What Are Students Eating? A Teen Research Team Looks To Find Out

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By Chanelle Ignant

A team of high school students from across the West Contra Costa Unified School District is asking: “What are we eating?”

Teens from the nonprofit group YES Nature To Neighborhoods have conducted a research project into the nutrition of meals served in the district’s 11 high schools.

Gustavo Chavez, a sophomore at De Anza High School and member of the organization’s “youth engagement team”, said many of his peers don’t prefer the school meals, a view that inspired the eight-student team to get involved.

“A lot of people really dislike them, so we tried to figure out what’s inside of them and how can we change them to make them better,” said Chavez.

According to Chavez, this push to improve lunches reflects the connection between nutrition and academic performance.

“We want better quality school lunches, so that kids aren’t going through their day without nutrition, so that they can perform better,” he said.

According to Director of Food Services, Barbara Jellison, over 3.3 million lunches were served to students throughout WCCUSD during the 2013-2014 school year. With an impact this great, the Richmond Food Policy Council — which works to ensure that the local food system reflects the needs of the community — described the district’s cafeteria system as “the biggest restaurant in the county”.

Students, however, say the restaurant doesn’t please its patrons.

Most kids don’t eat school lunches,” said Gillian Linsy, a senior at Pinole Valley High School and fellow member of the Youth Participatory Action Research project, an annual program at YES that focuses on wellness in the Richmond community. “They would rather bring something from home or not eat at all.”

The project intends to address this disconnect.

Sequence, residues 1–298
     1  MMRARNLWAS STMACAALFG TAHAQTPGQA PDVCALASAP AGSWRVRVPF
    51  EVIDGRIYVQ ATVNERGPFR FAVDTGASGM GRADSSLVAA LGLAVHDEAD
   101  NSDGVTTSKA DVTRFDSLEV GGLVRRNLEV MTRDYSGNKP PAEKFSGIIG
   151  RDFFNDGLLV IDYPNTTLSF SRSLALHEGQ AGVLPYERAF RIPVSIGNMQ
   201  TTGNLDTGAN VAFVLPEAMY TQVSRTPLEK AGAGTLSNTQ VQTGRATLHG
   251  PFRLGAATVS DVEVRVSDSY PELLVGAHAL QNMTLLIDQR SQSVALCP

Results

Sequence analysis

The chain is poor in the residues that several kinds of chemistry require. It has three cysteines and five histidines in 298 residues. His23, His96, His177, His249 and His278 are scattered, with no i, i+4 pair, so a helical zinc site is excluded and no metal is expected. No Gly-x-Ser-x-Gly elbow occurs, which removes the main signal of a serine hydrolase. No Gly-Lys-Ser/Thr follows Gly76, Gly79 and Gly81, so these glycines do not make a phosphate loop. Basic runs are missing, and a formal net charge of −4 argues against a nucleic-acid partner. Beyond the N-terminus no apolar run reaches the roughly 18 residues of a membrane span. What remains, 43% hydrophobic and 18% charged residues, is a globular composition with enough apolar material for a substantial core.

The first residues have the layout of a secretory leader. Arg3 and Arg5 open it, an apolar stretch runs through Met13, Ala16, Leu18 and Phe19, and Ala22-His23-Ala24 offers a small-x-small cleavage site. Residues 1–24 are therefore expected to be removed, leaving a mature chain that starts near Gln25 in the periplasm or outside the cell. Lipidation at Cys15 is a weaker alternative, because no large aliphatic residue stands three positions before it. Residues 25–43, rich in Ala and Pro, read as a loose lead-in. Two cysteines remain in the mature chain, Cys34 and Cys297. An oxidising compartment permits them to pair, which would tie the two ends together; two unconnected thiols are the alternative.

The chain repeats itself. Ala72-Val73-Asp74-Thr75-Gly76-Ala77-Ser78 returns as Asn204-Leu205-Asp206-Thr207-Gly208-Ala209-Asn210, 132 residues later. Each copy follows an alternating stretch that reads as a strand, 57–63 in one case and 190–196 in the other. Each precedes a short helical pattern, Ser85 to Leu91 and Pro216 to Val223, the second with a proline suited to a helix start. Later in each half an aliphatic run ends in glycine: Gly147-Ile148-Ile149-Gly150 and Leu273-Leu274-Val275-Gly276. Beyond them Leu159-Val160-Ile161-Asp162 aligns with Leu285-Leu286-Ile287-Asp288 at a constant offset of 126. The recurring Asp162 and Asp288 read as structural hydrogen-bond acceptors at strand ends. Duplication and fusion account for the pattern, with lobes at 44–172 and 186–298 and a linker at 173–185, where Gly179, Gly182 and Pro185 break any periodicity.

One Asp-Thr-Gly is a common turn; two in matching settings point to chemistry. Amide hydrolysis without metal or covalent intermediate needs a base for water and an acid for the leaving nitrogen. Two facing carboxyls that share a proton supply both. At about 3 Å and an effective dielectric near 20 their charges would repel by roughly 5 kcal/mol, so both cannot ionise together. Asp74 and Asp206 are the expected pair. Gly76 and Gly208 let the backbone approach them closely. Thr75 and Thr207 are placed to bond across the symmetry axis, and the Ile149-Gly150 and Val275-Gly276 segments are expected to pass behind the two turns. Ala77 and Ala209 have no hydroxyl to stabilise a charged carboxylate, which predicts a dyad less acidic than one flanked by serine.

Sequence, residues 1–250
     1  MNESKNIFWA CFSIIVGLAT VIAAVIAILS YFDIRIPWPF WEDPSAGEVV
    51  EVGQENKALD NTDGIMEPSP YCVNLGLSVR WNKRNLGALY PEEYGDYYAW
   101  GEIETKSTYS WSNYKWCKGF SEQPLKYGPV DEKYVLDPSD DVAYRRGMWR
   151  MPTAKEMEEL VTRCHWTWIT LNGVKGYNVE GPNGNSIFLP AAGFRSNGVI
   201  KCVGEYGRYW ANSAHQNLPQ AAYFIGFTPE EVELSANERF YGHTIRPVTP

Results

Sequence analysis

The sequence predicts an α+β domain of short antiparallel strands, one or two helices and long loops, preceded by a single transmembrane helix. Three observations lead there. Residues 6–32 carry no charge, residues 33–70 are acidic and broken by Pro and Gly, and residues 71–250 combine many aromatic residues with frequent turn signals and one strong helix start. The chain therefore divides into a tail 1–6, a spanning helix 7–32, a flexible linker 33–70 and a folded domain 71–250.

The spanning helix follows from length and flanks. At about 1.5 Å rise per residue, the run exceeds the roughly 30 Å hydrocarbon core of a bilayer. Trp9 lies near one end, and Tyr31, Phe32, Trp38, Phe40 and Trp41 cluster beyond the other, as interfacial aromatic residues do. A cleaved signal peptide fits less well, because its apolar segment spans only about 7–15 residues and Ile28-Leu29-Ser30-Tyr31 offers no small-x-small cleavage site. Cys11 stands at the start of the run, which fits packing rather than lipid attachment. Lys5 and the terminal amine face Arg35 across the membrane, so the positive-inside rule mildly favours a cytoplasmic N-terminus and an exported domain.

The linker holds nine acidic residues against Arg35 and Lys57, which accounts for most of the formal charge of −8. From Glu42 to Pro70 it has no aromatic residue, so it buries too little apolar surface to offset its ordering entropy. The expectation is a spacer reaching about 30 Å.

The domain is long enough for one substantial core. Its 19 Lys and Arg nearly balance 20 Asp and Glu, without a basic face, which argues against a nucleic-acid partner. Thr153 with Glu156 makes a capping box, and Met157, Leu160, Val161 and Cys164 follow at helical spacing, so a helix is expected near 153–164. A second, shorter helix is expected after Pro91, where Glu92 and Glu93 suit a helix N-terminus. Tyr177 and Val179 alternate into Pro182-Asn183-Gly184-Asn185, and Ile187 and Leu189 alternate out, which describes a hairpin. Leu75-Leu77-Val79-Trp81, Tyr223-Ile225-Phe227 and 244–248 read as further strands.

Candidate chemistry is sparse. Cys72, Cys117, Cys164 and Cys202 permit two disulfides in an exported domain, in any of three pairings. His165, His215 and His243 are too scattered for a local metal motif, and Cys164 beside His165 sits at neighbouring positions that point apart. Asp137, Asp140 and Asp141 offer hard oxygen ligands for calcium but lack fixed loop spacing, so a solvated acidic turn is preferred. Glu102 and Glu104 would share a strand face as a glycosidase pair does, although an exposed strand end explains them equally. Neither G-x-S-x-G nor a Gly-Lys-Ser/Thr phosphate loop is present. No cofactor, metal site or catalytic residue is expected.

“The ultimate goal is to raise awareness and put pressure on the administration to continue to work towards healthy lunch for all the students,” said Adam Smith, assistant youth coordinator for the team.

For their research, students used pictures of lunches to create a photo-voice presentation. They also interviewed Jellison, as well as cafeteria staff throughout the district about the process of making lunches.

The students, however, said the staff couldn’t answer some of their questions.

“Sometimes they wouldn’t even know,” said Chavez. “Not even the cafeteria members know how the food is made.”

The students also researched the nutrition of the food served each week — and discovered that they couldn’t find the information online.

Likewise, the district’s limited financial resources surprised researchers the most. According to their findings, schools have $3 per student for a lunch — but half of that goes to labor.

“Only about $1.50 for students, just to eat a full lunch,” Chavez said. “That’s their main meal [for the day].”

Team members continue to compile their findings, and plan to share them with the local food council as part of its campaign for healthy school food.

This year’s research project joins a similar student project last year by the Urban Nutrition Initiative, the youth leadership arm of the Bay Area Resource Center. Those students, mostly from Gompers Continuation High School, also investigated the district’s school lunch quality, interviewing their peers about cafeteria food.

Claire Zurlo, youth coordinator at the resource center, said last year’s project gave students the opportunity to reach out beyond their small campus.

“It was helpful for them to do something that impacted the rest of the district,” she said.

Linsy confirmed that students are happy to make a difference.

“I think that just getting our voices heard is big, and hopefully [we’re] making a change,” she said.

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